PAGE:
This election has everyone on pins and needles and myself included desperately wishes we could all work towards loving and excepting all of this beautiful colorful world!

When asked about the company’s name, Cole said “the word plantation is not inherently racist and the word itself is not inarguably offensive.”

We have received dramatically more positive feedback from the Seattle community about our new store than we have negative. Given our position as a design showroom and the worldly nature of the word plantation, the majority of the diverse populations of people we interact with do not automatically have a negative association with the word.

We understand and are sensitive to the fact that some individuals may have concerns over the potentially negative connotation of the word in it’s historical context; however, the word plantation has several different meanings and contexts (i.e. plantation shutters, plantation style furniture, modern day agricultural plantations such as pineapple plantations in Hawaii, tea plantations, even marijuana plantations! etc.) and it is simply not accurate and highly presumptuous to say that it is most often connected to images of slave labor. Plantation is not synonymous with slavery. There are agricultural plantations all over the world today and plantation-style furniture and décor is still a commonly sought after style and common phrase used in the interior design industry (plantation shutters are a prime example).

Largent said the term "plantation" is used to describe a style of furniture, which includes “imported wood furniture pieces, big oversized ceiling fans, four poster beds, bamboo, rattan, and a world-travel resort vibe.” A number of celebrities, including Wanda Sykes and Jada Pinkett Smith, have bought furniture from Plantation before and haven’t criticized the name, she said. The store opened its first branch in Los Angeles, California in 1998.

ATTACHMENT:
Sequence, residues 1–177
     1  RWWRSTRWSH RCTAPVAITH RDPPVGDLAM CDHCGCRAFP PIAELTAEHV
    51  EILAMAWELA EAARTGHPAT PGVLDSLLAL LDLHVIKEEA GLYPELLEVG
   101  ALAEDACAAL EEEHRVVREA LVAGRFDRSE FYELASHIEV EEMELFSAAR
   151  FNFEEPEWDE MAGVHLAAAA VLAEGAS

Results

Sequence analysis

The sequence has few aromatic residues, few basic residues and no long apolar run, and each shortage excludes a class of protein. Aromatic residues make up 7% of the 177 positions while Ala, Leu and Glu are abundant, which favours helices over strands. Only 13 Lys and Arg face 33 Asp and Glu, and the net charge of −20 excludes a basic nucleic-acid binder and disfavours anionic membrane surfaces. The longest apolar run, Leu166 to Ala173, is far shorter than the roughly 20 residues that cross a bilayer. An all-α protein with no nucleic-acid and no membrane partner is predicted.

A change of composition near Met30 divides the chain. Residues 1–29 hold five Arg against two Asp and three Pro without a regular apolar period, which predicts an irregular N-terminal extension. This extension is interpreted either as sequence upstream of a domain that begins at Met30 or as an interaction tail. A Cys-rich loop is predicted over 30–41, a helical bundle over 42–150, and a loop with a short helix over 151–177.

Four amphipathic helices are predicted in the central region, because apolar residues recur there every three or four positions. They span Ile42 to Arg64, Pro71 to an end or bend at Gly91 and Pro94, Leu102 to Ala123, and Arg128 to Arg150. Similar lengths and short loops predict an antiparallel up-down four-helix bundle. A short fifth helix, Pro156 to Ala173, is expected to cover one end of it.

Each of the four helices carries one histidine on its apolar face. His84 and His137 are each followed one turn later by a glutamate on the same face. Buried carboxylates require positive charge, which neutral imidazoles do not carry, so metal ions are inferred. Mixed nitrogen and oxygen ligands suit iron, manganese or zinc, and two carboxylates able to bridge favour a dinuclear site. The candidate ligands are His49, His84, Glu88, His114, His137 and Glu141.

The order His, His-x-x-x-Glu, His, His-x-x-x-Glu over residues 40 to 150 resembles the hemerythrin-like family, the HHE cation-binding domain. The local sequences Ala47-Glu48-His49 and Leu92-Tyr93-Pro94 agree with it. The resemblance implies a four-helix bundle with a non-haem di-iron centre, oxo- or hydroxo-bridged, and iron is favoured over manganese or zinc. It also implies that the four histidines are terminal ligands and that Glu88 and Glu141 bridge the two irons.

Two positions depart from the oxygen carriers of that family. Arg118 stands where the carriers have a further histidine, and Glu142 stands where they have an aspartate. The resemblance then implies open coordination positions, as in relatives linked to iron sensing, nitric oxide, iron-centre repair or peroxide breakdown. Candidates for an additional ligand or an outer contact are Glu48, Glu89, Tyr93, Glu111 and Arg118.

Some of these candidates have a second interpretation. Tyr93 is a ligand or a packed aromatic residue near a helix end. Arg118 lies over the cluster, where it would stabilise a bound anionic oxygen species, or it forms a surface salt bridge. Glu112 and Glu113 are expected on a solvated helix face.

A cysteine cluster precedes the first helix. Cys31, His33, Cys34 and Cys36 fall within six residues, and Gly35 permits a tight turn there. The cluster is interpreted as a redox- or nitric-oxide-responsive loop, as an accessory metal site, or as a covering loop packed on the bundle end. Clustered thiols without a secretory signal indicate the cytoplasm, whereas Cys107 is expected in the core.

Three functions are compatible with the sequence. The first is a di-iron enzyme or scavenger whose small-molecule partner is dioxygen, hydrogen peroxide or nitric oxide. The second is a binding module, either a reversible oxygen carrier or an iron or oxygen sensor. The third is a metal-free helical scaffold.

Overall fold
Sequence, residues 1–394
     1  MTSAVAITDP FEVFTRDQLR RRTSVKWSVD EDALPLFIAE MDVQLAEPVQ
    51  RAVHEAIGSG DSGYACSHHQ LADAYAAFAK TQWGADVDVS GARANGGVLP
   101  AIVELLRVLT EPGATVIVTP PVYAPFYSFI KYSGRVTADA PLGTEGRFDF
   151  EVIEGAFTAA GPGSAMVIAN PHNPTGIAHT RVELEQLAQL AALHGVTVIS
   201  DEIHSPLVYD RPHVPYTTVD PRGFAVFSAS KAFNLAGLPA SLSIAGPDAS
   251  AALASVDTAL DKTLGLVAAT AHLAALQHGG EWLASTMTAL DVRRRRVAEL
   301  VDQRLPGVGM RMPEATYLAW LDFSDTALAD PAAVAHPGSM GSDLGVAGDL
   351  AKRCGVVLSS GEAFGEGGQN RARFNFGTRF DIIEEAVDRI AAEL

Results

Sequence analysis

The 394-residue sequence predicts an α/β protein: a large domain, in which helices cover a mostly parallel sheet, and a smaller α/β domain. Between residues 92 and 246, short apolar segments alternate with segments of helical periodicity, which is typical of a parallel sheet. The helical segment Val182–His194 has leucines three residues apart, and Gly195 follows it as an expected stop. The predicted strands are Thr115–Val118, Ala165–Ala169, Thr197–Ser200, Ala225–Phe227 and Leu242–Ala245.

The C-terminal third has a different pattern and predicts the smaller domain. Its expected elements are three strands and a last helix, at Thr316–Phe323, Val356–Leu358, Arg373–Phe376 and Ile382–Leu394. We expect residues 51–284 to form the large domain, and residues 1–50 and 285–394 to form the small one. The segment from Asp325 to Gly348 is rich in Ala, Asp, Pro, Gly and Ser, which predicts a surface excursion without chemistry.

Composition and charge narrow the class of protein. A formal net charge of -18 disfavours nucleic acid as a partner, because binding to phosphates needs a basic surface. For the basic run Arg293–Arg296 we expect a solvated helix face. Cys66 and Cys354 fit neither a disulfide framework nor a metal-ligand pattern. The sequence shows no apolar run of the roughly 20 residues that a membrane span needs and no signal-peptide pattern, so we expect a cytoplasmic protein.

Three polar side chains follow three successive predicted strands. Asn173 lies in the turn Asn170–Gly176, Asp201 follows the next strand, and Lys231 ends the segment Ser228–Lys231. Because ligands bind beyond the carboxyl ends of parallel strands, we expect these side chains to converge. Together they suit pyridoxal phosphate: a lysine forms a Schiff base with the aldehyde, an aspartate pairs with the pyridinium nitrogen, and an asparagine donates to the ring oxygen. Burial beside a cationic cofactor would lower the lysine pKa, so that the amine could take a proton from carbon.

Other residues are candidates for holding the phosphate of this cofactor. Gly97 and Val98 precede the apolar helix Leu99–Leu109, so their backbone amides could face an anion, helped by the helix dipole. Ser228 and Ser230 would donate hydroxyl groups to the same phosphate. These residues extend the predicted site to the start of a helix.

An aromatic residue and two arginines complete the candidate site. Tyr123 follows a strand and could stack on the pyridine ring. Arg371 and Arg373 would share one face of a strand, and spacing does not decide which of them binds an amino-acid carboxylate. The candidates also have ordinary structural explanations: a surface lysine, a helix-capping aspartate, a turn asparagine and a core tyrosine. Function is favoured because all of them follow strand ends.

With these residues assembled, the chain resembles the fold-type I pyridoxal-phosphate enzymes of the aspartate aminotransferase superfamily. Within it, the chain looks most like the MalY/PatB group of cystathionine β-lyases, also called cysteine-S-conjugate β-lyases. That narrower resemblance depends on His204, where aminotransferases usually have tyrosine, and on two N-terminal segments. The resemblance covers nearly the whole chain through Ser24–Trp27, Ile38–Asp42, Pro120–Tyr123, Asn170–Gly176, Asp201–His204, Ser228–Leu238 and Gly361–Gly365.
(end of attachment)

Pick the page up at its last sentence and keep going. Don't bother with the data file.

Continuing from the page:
“Our style has evolved over the last 20 years to a more modern ethos but the name has become a recognized brand in the home design market,” Largent said.

“We want to focus on helping people understand our intended use and design-related context of the name,” Cole said. “We will continue to consider any and all options to keep our community safe. As Seattle natives, small business owners, and some as residents, we are active members contributing to the betterment of our community and we will continue to do so.”

“For the NAACP, there are no excuses," said Dr. Sheley Secrest, vice president of the Seattle-King County NAACP and candidate for Seattle City Council. "There's nothing that can be said about 'coming home' or otherwise that's going to take away from our position that the name itself harbors such emotion. ... There's nothing [the owners] could possibly say that would justify or excuse the use of that name."

Seattle artist Natasha Marin, who founded the “Reparations.” project last year, described Plantation representatives’ defending the company’s name as a “softening of racism.”

“Part of me is disgusted and exhausted... in same way I've been as a Black woman in America,” she said.

Marin continued: “To them, calling their store Plantation is like calling their brand Pepsi or Coca-Cola. I think that really speaks to privilege and entitlement. If I step on your foot, it doesn't hurt me. [It's like saying], 'You're fine. So I don't have to be bothered by your pain unless I choose to be.' That's real power.”

Plantation’s presence on Capitol Hill—just a short bus away from the Central District, which many community members consider the heart of Seattle's Black community—also represents a longtime disinvestment from Seattle’s communities of color, Secrest said.

“It touches on that overall feeling of that loss of community power when the residents who are living there feel that they don't have a voice where they can change the conditions of their home or neighborhood,” she said. “That's the most unsettling part.”

She continued: “Beyond who's working at the store and their leadership roles, in bringing or deciding to bring this business of this old Southern way of life here to Seattle and then to pretend... that the connotation and the history that comes along with it that [doesn't exist], that has no place in Seattle, period.”

An earlier version of this article misidentified Seattle Plantation Design co-owner Katie Largent as the store manager. The author regrets the error.